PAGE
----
CURIOUS FACTS - history of coffee


The Legend of Coffee: History of amazing drink

There are many legends associated with coffee. And now experts don’t have consensus about the origin of the name. Some believe that the "coffee" comes from the Arabic "kaue" – meaning: force, energy. Others associate the name with South Ethiopian Province called Kaffa, where even today there are Arabic coffee forests preserved.

The story of the discovery of coffee, a favorite drink of all mankind is lost in the ages. There are a number of differing stories as to the origin of coffee and how it was discovered. One story is that of an exiled Arab Sheik who saved himself from starvation by making a soup from the berries of the coffee shrub. The most common is, however, that of Kaldi the goatherd or shepherd who, in around 600-800 AD, was tending to his animals on the mountainside one night in Eastern Africa, most likely modern day Ethiopia, when he noticed that they were acting strangely. On investigating this he realised that they had been eating the cherry-red berries of a nearby shrub. As a result of this they remained awake, jumping and leaping around the whole night - even the older goats. Curious, the goat herder picked some and tasted them himself. He found that they invigorated him and made him more wide awake.

It was about this time that a monk called Chadely or Scyadly from a nearby monastery was passing. The goatherd told him about the goats and he demanded to be shown this plant. Kaldi showed the monk a pretty little shrub with a greyish bark and brilliant foliage, the slender branches of which, at the base of their leaves, had bunches of small white flowers mingles with clusters of small berries, some green, riper ones a clear yellow colour and yet others, which had reached complete maturity, of the size, shape and colour of a cherry. It was the coffee shrub.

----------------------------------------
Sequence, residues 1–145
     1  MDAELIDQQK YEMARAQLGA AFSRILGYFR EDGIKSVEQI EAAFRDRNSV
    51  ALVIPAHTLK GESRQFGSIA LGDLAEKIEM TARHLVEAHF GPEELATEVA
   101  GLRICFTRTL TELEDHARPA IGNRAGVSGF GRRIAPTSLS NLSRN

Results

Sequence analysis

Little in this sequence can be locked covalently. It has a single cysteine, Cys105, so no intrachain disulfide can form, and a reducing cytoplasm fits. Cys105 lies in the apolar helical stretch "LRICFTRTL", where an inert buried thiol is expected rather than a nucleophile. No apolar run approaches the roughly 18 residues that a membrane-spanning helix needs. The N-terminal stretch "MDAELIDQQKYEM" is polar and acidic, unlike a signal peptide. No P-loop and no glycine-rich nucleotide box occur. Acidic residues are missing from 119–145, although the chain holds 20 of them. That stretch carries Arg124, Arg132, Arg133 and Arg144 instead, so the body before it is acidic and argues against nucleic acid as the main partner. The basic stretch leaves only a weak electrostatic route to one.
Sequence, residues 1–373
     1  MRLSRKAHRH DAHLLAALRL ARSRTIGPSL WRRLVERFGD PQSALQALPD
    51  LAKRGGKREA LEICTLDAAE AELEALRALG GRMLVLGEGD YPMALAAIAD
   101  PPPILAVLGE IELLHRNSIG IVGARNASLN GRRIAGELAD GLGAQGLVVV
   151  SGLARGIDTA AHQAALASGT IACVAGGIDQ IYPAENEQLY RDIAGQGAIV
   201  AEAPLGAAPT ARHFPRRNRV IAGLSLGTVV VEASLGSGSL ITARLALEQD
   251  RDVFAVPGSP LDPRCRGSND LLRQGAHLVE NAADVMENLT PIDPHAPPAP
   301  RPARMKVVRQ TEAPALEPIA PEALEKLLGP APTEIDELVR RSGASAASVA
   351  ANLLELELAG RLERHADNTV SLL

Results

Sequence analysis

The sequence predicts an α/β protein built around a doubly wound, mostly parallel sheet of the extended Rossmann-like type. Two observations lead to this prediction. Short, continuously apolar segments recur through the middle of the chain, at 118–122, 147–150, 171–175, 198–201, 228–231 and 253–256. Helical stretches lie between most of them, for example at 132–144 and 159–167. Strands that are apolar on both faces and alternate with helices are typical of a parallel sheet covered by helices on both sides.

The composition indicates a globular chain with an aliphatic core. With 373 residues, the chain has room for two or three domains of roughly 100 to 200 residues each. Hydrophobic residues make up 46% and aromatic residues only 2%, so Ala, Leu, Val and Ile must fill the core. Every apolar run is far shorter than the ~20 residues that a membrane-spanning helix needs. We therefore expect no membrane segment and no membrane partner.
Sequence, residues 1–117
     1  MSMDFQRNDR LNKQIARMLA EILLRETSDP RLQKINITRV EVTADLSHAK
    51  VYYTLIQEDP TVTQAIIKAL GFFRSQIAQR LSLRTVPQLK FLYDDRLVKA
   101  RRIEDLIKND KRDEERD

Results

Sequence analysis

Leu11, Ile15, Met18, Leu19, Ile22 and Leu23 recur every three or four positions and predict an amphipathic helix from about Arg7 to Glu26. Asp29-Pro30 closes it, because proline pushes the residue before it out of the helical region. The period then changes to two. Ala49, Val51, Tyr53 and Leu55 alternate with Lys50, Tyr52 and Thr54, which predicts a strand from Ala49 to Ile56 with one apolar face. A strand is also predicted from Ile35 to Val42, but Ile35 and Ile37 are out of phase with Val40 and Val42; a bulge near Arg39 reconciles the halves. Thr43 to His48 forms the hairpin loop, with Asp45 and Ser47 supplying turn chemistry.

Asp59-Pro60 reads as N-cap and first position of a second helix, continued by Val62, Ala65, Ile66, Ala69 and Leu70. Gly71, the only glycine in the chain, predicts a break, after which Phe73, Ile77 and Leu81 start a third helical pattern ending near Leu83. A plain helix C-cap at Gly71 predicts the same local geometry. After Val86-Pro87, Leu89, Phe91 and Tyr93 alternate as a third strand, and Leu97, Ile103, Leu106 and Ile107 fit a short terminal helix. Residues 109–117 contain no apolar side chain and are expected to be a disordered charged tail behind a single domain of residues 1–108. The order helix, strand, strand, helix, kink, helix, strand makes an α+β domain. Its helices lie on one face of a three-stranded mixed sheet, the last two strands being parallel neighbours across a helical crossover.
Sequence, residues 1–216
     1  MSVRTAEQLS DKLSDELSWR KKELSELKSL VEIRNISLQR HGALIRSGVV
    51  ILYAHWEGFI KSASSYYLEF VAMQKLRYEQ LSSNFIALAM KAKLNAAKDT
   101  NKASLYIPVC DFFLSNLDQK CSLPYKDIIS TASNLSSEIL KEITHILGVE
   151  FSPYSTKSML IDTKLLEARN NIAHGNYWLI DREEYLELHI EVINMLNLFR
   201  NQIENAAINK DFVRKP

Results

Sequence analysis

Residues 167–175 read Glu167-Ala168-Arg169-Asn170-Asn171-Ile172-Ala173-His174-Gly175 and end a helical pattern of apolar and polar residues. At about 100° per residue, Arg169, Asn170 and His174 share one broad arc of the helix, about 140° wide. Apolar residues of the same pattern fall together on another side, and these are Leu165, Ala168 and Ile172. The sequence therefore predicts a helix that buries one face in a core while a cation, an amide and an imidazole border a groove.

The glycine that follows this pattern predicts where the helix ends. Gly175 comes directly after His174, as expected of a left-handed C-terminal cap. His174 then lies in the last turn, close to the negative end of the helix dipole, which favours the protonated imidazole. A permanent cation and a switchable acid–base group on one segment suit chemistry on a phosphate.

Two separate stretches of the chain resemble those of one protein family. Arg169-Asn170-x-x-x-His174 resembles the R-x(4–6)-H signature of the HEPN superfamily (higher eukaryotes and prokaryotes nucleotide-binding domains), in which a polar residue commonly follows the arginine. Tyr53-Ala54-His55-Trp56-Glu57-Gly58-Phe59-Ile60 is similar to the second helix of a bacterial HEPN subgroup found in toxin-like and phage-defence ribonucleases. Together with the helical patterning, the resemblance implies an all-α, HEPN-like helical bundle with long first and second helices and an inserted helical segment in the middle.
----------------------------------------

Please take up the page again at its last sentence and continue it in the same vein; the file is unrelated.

The monk, wishing to try the effects of these berries, crushed a few into a powder and poured boiling water over them to make a drink. This was the first cup of coffee - it was not until much later, however, that coffee was first roasted. .Impressed with the results of the drink in making him wider awake and yet not affecting his intellectual capabilities, the monk took the new discovery back to his monastery realising that it would help him and his fellow monks stay awake during their long hours of prayer. Coffee soon spread from monastery to monastery and, therefore, became in much demand with devout Muslims, believing it to be a divine gift brought by an angel from heaven to the faithful.

And so coffee had been discovered. In the centuries that followed, the people of this land absorbed coffee into their culture and daily routine. It was not, however, until later that coffee was discovered by the outside world.


Coffee's Journey Around the World

Coffee Leaves Africa
Coffee berries were transported from Ethiopia to the Arabian Peninsula, and were first cultivated in what today is the country of Yemen.
From there, coffee traveled to Turkey where coffee beans were roasted for the first time over open fires. The roasted beans were crushed, and then boiled in water, creating a crude version of the beverage we enjoy today

Coffee Arrives in Europe